STRIKEWATCH: Alamedans pack buses, ferries

STRIKEWATCH: Alamedans pack buses, ferries

Michele Ellson

Commuters wait for a ride Friday morning at the Harbor Bay Ferry Terminal.

Updated at 11:50 a.m. Friday, October 18

Alamedans faced long ferry lines and packed buses on their morning commute Friday as BART workers went on strike.

Early-morning commuters and ferry riders told The Alamedan they had a smooth ride to work today, and casual carpool lines were smaller than expected.

"Took the 6:45 ferry. Ran like a charm. Arrived to a beautiful sunrise," commuter Lynn Davis wrote on The Alamedan's Facebook page.

But some commuters who took AC Transit to work said they faced packed buses and bad off-Island traffic.

"I'm on an ACTransit express bus rerouted thru downtown Oakland due to 580 traffic, overpacked NL line," another commuter, tweeting as @lilmikesf, wrote in.

BART workers called a strike Thursday afternoon when a marathon negotiation session broke down, union leaders said, over new work rules management wanted to put in place. Union leaders wanted to go into arbitration over the rules portion of the proposed deal, but management balked.

In a statement issued Friday afternoon, BART General Manager Grace Crunican said federal mediators seeking to broker a deal between BART management and its unions were the ones who suggested coupling an economic package with work reforms.

"The mediators informally offered a model which included an economic package coupled with work rule reforms and BART agreed. The unions grabbed the salary offer, but balked at the work rule changes," Crunican's statement says.

The San Francisco Bay Ferry boosted service, while AC Transit – whose workers had also planned a strike this week, which was put on hold by Governor Jerry Brown – pledged to try to increase transbay service. Here in Alameda, city leaders relaxed parking rules around the Island’s two ferry terminals and ran a shuttle to transport people to and from the terminals.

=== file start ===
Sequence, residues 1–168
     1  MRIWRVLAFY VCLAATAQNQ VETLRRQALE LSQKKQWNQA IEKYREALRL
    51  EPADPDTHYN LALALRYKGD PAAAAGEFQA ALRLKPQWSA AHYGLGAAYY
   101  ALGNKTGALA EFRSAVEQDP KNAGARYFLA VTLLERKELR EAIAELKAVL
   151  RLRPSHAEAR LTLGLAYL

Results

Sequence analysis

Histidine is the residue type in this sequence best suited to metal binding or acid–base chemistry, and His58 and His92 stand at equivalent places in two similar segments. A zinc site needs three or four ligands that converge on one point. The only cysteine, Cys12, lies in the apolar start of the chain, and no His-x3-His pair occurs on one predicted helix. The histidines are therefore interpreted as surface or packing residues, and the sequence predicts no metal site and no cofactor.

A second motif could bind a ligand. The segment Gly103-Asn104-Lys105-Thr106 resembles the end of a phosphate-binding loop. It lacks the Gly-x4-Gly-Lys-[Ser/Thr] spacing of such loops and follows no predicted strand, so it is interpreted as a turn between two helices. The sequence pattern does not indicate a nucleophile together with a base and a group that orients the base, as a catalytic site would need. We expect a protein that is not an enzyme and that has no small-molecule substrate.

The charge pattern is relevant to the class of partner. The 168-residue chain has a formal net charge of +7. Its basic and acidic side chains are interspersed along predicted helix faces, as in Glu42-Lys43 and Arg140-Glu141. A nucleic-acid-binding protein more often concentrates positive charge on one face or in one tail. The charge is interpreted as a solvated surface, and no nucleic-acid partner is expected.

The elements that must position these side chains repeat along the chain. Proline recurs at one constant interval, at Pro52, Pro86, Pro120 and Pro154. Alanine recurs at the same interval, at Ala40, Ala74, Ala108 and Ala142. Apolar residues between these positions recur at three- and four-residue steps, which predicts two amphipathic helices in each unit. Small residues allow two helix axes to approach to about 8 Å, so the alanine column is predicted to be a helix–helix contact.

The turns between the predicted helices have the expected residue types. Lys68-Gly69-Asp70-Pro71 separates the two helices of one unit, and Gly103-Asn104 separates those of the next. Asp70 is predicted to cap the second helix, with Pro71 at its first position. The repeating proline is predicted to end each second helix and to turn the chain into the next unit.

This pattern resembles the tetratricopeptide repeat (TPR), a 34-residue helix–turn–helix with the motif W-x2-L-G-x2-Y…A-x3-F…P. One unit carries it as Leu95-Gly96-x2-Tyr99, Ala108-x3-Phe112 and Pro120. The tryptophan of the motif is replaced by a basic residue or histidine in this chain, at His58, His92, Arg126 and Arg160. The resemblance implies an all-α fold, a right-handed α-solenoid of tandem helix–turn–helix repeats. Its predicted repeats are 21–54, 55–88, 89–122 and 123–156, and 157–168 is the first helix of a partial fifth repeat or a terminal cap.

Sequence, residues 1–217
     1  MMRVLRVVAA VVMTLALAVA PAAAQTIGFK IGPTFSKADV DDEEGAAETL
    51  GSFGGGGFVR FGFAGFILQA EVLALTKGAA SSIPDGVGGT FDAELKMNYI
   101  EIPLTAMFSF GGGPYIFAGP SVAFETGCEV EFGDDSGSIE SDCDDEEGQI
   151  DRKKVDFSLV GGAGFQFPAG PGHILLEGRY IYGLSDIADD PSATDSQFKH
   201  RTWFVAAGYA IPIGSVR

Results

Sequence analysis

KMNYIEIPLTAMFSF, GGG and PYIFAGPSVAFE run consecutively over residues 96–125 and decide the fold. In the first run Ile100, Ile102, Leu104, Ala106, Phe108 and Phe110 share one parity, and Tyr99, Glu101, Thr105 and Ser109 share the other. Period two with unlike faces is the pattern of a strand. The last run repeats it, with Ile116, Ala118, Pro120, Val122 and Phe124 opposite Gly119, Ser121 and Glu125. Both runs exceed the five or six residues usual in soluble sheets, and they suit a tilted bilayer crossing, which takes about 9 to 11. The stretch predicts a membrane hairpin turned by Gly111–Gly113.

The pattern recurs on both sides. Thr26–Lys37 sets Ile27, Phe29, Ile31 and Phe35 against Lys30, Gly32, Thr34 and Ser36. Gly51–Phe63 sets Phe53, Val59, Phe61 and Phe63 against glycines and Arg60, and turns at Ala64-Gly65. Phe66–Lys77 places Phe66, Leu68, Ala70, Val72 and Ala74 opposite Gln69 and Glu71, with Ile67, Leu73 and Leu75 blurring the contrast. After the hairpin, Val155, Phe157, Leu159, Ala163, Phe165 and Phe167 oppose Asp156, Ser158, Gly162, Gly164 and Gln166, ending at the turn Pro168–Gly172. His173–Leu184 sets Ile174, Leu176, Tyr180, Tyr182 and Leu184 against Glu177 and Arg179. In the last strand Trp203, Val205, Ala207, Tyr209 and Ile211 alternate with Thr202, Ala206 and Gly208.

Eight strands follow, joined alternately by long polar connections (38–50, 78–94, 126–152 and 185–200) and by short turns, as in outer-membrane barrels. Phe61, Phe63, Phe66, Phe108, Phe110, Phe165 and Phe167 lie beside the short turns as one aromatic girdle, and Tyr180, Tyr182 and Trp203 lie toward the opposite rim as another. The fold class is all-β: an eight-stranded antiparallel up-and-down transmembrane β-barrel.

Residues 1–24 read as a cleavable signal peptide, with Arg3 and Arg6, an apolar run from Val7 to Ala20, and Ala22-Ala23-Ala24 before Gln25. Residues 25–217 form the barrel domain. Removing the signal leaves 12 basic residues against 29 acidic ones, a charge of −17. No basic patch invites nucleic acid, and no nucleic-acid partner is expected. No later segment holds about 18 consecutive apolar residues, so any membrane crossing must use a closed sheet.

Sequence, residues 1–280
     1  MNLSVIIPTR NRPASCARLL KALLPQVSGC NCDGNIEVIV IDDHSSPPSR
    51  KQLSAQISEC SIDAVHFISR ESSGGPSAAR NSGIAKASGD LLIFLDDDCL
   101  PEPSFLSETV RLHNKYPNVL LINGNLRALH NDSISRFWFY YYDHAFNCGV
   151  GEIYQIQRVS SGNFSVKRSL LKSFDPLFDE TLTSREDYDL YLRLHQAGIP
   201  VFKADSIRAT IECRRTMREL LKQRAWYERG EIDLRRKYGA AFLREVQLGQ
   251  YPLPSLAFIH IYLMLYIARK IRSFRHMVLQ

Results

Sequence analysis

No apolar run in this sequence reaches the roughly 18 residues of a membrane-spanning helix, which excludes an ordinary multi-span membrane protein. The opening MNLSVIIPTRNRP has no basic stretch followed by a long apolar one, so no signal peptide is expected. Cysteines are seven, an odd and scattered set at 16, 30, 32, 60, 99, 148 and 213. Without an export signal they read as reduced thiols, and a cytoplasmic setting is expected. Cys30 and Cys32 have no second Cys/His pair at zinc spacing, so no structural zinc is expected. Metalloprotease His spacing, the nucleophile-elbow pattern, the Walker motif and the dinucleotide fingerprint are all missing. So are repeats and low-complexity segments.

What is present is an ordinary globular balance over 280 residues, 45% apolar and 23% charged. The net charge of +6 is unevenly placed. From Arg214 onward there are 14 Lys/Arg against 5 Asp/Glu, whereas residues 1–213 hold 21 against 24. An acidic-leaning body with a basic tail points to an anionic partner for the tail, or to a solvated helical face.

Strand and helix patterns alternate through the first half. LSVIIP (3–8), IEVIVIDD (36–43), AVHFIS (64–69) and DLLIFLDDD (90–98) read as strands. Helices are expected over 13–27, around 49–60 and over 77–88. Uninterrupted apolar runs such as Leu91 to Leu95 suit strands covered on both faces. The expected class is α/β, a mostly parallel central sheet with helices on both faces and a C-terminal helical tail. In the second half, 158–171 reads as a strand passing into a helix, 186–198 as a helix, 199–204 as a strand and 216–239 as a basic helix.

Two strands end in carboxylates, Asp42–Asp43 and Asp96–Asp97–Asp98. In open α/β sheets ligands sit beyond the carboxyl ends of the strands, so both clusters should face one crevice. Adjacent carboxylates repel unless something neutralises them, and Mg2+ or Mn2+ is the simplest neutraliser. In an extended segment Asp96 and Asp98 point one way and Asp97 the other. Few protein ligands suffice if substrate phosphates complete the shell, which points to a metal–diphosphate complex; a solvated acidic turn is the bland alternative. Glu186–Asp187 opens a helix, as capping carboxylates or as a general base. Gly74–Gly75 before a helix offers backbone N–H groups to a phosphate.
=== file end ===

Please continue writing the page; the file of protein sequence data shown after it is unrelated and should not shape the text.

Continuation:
Lines at the ferry terminals were long Friday morning and buses packed, but commuters appeared to a reporter to be able to get on one or the other. Only two people were waiting in a West End casual carpool spot this morning when a reporter drove by.

Many ferry riders took advantage of relaxed parking restrictions Friday; cars lined Main Street and the neighborhoods that back up to the Harbor Bay ferry terminal.

Traffic heading through the Posey Tube to Oakland – which one commuter described as “Friday light” – was slow but moving at around 8:30 a.m. Friday, traveling at about the same speed as traffic heading across the Island.

Getting onto the Bay Bridge was a different story, though. The commute site 511.org showed a travel time of 35 minutes between the I-880 29th Street entrance and downtown San Francisco at around 8:45 a.m. Friday; the site said that commute is typically 20 minutes.

When BART workers went on strike in July, the site showed travel times that were only a few minutes longer than a typical drive.

While some Alamedans headed to bus stops and the ferry terminals to get to work Friday, the prospect of a tough commute convinced others to just stay home.

"Took off of work to avoid the mess," Jaclyn Marks wrote. "I secretly wanted the day off, so good excuse."

Related: BART shuts down as workers strike

Comments

Submitted by Karen Bey (not verified) on Fri, Oct 18, 2013

I took the 8:15 ferry -- parking lot and surrounding street was full. Line was long, and the ferry ride was smooth --- what a class act. They are very prepared for this bart strike!

Submitted by Carol Parker (not verified) on Fri, Oct 18, 2013

I just took a walk down to the Harbor Bay Ferry about a half hour or so ago. A ferry had just left and there were people waiting for the next one. There was a man in a construction type vest talking to riders who seemed to be in charge. I also saw a news helicopter in the vicinity. I didn't venture into the nearby neighborhoods, but heard from another person walking their dog that ferry riders were parked all over the residential streets. Aren't there some spaces in the business park that could be opened up for ferry riders - alternative lots with signs directing people there? It seems like many of those lots are not full. Other people I met along my way who were out jogging or walking dogs said they were taking the day off.

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